News Blog for Seattle's Maple Leaf Neighborhood

 

What's up with our Maple Leaf water tower?

August 11th, 2011 by Mike

Barbara sent us this photo of Maple Leaf’s iconic water tower this afternoon.

She’s wondering: “Just curious to know what the workers are doing there today.”

We don’t know yet, but we’ve asked.

Remember that the water tower (which purists will point out is not a water tower but a water tank on top of a tower) is empty, but that we get to keep it anyway.

We do know that it’s scheduled for a paint job this year, but that the crews will try and preserve the painted maple leaves.

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What’s up with our Maple Leaf water tower?

August 11th, 2011 by Mike

Barbara sent us this photo of Maple Leaf’s iconic water tower this afternoon.

She’s wondering: “Just curious to know what the workers are doing there today.”

We don’t know yet, but we’ve asked.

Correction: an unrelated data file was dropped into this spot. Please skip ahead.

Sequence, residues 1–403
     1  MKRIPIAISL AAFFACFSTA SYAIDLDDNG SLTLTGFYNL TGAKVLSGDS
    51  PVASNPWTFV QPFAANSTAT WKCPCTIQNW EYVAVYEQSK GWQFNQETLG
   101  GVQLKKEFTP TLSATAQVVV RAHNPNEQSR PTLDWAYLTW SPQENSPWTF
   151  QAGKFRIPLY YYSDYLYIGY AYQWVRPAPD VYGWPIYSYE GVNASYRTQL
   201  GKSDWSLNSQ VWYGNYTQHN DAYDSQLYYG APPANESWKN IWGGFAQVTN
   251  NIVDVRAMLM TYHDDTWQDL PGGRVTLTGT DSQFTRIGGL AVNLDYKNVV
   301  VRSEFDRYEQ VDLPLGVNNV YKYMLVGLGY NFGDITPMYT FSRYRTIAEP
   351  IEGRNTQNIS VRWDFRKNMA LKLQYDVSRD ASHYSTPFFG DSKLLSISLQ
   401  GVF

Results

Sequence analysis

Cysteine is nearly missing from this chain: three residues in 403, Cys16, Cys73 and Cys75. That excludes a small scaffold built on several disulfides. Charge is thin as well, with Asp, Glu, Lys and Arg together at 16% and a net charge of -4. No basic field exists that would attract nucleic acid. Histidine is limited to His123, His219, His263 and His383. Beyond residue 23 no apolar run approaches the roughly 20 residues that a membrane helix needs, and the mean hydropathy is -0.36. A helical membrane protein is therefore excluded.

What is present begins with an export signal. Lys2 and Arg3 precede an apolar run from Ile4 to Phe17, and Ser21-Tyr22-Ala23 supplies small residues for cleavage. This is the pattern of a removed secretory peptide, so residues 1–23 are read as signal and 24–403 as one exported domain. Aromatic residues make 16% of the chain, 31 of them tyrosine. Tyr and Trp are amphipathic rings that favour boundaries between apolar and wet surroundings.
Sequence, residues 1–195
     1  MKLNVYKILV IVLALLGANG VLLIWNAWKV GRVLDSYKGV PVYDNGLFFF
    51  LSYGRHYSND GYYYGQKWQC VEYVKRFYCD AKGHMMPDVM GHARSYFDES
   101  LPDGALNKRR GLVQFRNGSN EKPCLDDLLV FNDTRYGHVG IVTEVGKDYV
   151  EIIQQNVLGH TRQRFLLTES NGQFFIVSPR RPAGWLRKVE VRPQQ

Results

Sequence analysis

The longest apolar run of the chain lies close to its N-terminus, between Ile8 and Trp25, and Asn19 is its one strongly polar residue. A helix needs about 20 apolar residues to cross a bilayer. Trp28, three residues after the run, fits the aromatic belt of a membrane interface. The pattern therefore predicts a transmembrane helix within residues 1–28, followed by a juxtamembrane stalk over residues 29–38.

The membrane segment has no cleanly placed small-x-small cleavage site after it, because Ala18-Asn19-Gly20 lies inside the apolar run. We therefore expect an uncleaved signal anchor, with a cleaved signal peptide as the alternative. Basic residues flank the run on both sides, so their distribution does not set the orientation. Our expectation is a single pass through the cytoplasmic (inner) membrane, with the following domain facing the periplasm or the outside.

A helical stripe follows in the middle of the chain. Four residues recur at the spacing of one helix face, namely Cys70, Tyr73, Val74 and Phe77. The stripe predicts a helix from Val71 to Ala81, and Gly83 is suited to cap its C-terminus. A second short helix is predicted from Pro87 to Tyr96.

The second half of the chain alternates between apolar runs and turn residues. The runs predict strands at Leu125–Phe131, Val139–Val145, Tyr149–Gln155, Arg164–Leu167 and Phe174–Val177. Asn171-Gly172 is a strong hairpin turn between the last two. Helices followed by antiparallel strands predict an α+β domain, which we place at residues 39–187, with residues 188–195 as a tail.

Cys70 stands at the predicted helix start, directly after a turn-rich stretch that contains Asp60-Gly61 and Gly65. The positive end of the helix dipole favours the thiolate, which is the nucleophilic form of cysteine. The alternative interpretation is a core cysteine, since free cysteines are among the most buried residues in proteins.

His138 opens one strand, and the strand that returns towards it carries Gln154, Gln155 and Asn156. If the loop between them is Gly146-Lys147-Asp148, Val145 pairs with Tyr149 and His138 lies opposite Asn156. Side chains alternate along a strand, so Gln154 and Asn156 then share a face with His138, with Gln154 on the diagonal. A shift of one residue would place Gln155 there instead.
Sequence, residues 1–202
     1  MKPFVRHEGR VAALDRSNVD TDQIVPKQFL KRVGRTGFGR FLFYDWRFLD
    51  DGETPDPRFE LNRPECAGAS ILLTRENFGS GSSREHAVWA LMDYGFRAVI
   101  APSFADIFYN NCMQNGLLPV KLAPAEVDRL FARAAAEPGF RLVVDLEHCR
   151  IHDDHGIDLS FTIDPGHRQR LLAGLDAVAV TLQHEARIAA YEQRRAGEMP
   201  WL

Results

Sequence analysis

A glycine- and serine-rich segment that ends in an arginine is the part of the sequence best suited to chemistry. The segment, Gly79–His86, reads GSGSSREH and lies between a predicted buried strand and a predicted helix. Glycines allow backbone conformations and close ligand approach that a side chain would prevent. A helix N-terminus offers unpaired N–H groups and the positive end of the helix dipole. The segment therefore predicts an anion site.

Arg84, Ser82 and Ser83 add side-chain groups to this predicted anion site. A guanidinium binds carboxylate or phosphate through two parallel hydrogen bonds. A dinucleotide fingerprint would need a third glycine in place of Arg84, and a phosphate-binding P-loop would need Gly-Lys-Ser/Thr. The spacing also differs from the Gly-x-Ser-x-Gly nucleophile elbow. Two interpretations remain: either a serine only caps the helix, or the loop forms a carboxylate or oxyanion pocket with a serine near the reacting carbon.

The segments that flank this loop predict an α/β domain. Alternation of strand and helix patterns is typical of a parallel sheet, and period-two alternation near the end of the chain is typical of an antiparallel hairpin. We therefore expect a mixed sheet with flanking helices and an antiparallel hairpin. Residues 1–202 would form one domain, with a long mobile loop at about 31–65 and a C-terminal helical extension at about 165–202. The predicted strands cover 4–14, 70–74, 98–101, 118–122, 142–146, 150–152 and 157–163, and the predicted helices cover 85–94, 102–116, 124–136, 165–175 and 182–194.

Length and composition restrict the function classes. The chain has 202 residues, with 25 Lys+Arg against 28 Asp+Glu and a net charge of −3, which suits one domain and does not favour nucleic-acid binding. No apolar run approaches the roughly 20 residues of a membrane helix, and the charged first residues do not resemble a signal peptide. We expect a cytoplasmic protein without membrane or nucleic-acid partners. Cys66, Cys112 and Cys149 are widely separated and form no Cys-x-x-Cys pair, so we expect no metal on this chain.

Remember that the water tower (which purists will point out is not a water tower but a water tank on top of a tower) is empty, but that we get to keep it anyway.

We do know that it’s scheduled for a paint job this year, but that the crews will try and preserve the painted maple leaves.

→ 3 CommentsTags: ,

We get to keep the maple leaves, too

August 27th, 2010 by Mike

Not only do we get to keep our landmark water tower and tank, the city’s going to preserve the art as well.

Next year, when Seattle Public Utilities re-coats the outside of the tank, they will try not to disturb the leaves. “They’re not trained as artists, so they’ll do their best,” said Andy Ryan, media relations coordinator for the utility.

“If needed, after they’re done, we may have to hire a local artist to do a little minor touch-up at the edges of the leafs. So the short answer is ‘yes, we will keep the maple leaves.’”

The tower and tank have been Maple Leaf’s symbol for 50 years. They were taken out of service last year by the utility, and won’t be used again to supply water, so there was fear they might be torn down.

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Maple Leaf landmark water tower to stay

August 24th, 2010 by Mike

We get to keep it.